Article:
Tuesday, August 18, 2009

Skeptoid #167

God, am I torn.

I was walking the dog on our evening constitutional when I flipped on this week's episode of Skeptoid. I am just all sorts of mixed up on this week's episode on why science should not debate pseudoscience.

Brian Dunning clearly comes down on the side of the negative: science should definitely not debate pseudoscience in public forums. The man has first hand experience debating pseudoscientific magic, nonsense, and bogus "facts." He sounded frustrated, I almost expected him to shout out his window "I'm mad as hell, and I am not going to take it any longer." He did not.

His basic premise seemed to be: 1) most of the people attending the debate have already made up their minds, 2) you are giving the pseudoscience promoters equal billing with science, 3) you cannot win the debate because the science advocate is shackled by facts and evidence -the other side can just make stuff up, 4) for the few whose minds are swayed toward science at the debate the event itself to the larger non-attending public sends a message that a legitimate disagreement exists {really a subset of 2}, 5) a skeptic or science proponent's energy can be better spend doing other activities. I believe I hit all of Dunnings high points.

When I listened to each point on my walk, I tended to agree. My mind went back to the debate between Phil Plait and Joe Rogan on the ridiculous moon landing hoax on Penn's radio show, where Rogan's Gish Gallop swamped Plait's facts and knowledge. Well, at this point in my walk I was depressed. It was time to head home to sulk in some pie.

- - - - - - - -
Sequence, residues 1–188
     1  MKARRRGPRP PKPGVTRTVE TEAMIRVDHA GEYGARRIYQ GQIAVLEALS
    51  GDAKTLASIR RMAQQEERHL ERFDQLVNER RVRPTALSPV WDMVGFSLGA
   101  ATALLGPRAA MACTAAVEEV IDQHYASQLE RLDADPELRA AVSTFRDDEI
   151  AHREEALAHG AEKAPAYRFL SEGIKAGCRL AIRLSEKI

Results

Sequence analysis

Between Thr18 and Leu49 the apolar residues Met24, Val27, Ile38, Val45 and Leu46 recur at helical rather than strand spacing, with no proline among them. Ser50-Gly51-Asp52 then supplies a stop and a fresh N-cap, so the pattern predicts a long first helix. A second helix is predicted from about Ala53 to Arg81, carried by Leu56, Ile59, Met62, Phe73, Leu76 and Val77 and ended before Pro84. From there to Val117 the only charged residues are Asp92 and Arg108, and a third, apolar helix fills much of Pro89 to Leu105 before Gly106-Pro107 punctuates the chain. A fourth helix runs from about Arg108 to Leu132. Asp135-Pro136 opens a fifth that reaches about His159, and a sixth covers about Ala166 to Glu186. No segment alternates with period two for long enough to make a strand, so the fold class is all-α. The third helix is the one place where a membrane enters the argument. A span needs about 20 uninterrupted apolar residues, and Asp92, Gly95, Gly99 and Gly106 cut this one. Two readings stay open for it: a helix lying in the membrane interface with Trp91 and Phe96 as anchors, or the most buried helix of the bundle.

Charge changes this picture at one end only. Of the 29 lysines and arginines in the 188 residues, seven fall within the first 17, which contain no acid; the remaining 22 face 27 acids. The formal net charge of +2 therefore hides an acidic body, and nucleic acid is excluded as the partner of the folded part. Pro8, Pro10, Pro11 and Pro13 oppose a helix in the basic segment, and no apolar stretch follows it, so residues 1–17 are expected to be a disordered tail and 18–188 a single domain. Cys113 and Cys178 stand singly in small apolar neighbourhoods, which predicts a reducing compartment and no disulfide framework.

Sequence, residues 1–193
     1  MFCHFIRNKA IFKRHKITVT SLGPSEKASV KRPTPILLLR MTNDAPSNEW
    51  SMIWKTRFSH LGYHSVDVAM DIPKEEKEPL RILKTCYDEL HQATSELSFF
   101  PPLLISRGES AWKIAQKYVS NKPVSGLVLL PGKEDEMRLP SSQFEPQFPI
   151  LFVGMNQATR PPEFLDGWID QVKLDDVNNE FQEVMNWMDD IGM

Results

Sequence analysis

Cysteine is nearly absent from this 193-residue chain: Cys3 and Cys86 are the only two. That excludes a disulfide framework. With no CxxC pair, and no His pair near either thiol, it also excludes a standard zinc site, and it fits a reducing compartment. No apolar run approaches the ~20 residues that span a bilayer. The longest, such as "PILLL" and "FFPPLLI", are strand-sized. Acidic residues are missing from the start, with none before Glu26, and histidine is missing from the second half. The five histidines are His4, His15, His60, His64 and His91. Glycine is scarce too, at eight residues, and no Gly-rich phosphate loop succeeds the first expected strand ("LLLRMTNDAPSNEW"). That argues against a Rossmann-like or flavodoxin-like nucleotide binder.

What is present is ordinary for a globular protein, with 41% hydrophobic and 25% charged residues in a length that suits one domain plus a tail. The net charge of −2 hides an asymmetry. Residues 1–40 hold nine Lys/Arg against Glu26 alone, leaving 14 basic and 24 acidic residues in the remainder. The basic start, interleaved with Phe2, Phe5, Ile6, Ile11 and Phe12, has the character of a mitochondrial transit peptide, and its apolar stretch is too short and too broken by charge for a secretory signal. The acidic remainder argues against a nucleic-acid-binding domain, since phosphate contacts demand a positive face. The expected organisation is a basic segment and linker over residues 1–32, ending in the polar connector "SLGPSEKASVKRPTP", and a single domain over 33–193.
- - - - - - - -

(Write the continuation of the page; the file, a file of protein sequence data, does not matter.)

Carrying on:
And, yet . . . Giving up an entire front in the battle against pseudoscience just strikes me as wrong headed. You are giving the other side the field. True, the pseudoscience advocates are not getting the debate podium to trumpet their baloney, but neither are they being challenged. They are being handed the field free and clear. It's not really about winning that discussion, convincing that audience, or coming away with a press story at the end of the day on how Kim Paris, PhD wiped the floor with Terry London, soul communicator. It is the act of confronting the other side and letting them know they won't just have their flawed ideas take the day.

I agree with Mr. Dunning that other avenues exists to convince people of the correctness of the scientific method and rational thought in presentations, lectures, blogs, podcasts, television, internet video, etc. However, I highly suspect those preaching to such audiences are preaching to the science choir. At a debate, you might win over just five of the thousand in attendance but maybe a seed of doubt is planted in thirty more. It might be a small, hidden gain, but it may not happen without the debate.

I tip my hat to Mr. Dunning for bringing the topic to the forefront. I think he makes valid points. He has spent his time in the trenches and has had his fill. I do not think anyone can blame him. As Mr. Dunning notes for those who go into such a forum to realize what they are really getting them self into and have a realistic goal. I would suggest it is not to win that debate, that day, that audience, or to garner positive press. The science advocates are performing a necessary, if somewhat thankless task, of maintaining pressure on those who would champion irrational beliefs based on nothing more than hype and magic to control how society bases its decisions. Yet, for all this high minded writing, damn if I don't fear Mr. Dunning is correct.

Drat. There is no pie in the house.

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